Shelters struggle after new ordinance passes

May 14, 2013 • Local News

Roswell’s new pet policy that puts several costly restrictions on dog and cat owners has flooded one local shelter, forcing it to seek out help from partnering groups from Albuquerque to Colorado Springs.

The Roswell Humane Society continues to overpopulate its space with surrendered puppies, dogs and cats. The shelter held 76 dogs and 23 cats Tuesday afternoon. The maximum it can shelter is 75 dogs and 24 cats.

“It’s very overwhelming,” said kennel worker Krystle Smith.

The [auth] “no kill” shelter was created to take in homeless and unwanted pets, and to assist with animal control by keeping adoptable pets for a longer time, Smith said.

But when residents show up with as many as 15 puppies at a time, the system is overrun.

“We just don’t have room to take in that amount on a daily basis,” Smith said.

The new ordinance that places fees, fines or limits on most everything, including fixing, breeding and pet limits, has prompted several owners to surrender animals instead of paying to have them spayed or neutered.

The Animal Humane Society of New Mexico in Albuquerque has taken 130 of Roswell’s sheltered dogs since February, said marketing director Dawn Glass.

“We like collaborating with Roswell Humane Society,” Glass said.

The Albuquerque facility is also a “no kill” shelter with the state’s highest adoption rate at 90 percent. A program called “Project Fetch” allows the shelter to transfer pets from across New Mexico to Albuquerque where it adopts pets out to the larger population, Glass said.

“Hopefully people will be comforted by the fact that we have transferred in many of those pets,” Glass said.

Interestingly, Roswell’s shelter is unusual because many of the pets it receives and later transfers to Albuquerque are “designer” small breeds that are attractive to new owners.

“It’s interesting when we are transferring from other shelters, we typically get mixed breeds, but from Roswell we get an abundance of smaller, highly adoptable dogs.”

Glass expects many owners may have surrendered puppies from puppy mills in the region or have purchased the designer dogs and did not have them spayed or neutered.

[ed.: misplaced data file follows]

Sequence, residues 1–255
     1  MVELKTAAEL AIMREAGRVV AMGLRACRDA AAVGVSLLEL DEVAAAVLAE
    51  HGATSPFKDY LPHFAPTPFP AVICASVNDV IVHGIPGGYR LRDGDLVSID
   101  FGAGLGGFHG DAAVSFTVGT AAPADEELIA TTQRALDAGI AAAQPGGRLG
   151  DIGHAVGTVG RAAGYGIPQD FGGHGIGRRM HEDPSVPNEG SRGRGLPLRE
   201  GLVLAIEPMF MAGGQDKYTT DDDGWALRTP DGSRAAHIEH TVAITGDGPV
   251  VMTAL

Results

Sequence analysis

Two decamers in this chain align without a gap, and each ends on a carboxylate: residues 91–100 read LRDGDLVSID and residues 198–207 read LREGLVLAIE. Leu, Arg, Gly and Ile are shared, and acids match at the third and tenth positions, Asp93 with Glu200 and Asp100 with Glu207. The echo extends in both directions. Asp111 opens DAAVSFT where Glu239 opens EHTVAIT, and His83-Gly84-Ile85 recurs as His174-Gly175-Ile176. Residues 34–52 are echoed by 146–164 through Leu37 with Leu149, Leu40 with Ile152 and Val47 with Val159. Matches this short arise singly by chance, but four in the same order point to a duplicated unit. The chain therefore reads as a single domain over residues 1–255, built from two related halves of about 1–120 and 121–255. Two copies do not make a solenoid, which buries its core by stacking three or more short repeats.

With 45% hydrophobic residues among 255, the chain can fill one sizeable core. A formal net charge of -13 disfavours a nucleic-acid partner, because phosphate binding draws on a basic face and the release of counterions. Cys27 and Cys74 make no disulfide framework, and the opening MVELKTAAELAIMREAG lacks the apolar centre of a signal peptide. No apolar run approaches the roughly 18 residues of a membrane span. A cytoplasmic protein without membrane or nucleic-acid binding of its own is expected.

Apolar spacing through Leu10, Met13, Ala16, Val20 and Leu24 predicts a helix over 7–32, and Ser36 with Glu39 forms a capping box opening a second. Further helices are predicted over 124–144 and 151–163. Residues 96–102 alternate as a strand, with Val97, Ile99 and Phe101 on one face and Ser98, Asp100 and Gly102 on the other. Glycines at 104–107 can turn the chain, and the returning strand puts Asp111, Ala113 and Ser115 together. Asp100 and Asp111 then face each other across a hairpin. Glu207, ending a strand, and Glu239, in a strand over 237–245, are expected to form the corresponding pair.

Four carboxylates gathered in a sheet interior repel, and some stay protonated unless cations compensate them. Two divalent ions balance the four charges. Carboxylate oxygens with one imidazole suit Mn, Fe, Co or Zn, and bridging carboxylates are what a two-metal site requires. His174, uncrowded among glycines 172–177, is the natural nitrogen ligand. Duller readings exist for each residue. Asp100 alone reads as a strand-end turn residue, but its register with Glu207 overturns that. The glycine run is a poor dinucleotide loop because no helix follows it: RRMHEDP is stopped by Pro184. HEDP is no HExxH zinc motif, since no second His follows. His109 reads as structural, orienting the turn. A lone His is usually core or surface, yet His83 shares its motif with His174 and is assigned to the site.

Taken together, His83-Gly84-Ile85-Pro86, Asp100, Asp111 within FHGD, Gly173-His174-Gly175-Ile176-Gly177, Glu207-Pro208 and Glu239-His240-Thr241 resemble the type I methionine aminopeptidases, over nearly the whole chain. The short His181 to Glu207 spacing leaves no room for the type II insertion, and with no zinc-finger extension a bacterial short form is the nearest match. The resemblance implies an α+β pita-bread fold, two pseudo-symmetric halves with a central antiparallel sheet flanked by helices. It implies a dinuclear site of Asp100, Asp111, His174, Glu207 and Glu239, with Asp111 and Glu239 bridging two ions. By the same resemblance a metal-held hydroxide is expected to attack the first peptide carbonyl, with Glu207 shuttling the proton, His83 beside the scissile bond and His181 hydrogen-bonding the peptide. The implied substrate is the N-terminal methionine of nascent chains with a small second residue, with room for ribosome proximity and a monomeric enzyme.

The private, nonprofit shelter typically takes in 1,000 animals from around the state each year. For more information, visit

At the Roswell Humane Society at 703 E. McGaffey St., an adoption can cost $50 for a dog, plus the price to spay or neuter the animal at a local veterinarian, though the shelter does provide $100 coupons to qualifying low-income owners, Smith said.

The new ordinance calls for no more than five dogs or cats per household over the age of three months without a valid breeder permit, or a multiple dog or cat permit, for instance. Pet owners applying for a breeder permit first must get a business license.

Also each household must get a litter permit and each female dog or cat can only have one litter per year, with no more than two litters in each house per year.

Owners face fines if found in violation of these new rules.

Smith said owners may face issues with the price of complying with the new ordinance, but it may be other issues owners face.

“Sometimes it is price, or it’s just pure laziness,” Smith said. “I don’t think the ordinance is the problem. At first, a lot of owners surrender and release. It will be better in the future. We just have to take the first step to make things better. It’s going to be hard at first.”

Joseph Pacheco, supervisor at the Roswell Animal Shelter, said the city-owned facility hasn’t seen a big difference since the ordinance took affect April 27.

No animals were surrendered and no citations have been issued, but many warnings were drafted in the past few weeks, he said.

“It’s so fresh, it’s so new, we’re still getting calls from people (who) don’t know of the changes,” Pacheco said. “We’re giving them a chance to correct their problems.”

The city shelter, also on East McGaffey near the Humane Society, has seen its usual upswing in activity for the spring season.

“With early spring and summer, we get swamped at this time anyway,” Pacheco said.

The city shelter does use euthanasia if an animal isn’t adopted after seven days.

It does get some two boxes a day of puppies or kittens some days, Pacheco said, but that’s typical for the time of year.

The shelter is not full at this time, with 70 dogs in general population kennels, 18 in the puppy room, 34 in the cat room and 26 in the feral cat room, Pacheco estimated.

“We’ve already given out a few multiple-animal permits, but not like a really dramatic change,” he said. “Probably in the next one to two years we will see an increase in putting dogs down. Right now, people don’t even know there’s been changes.”

At the city shelter, adoptions cost $40 for pets 6 months old or older, and owners must prepay their veterinarian to adopt, or the city will file paperwork in municipal court.

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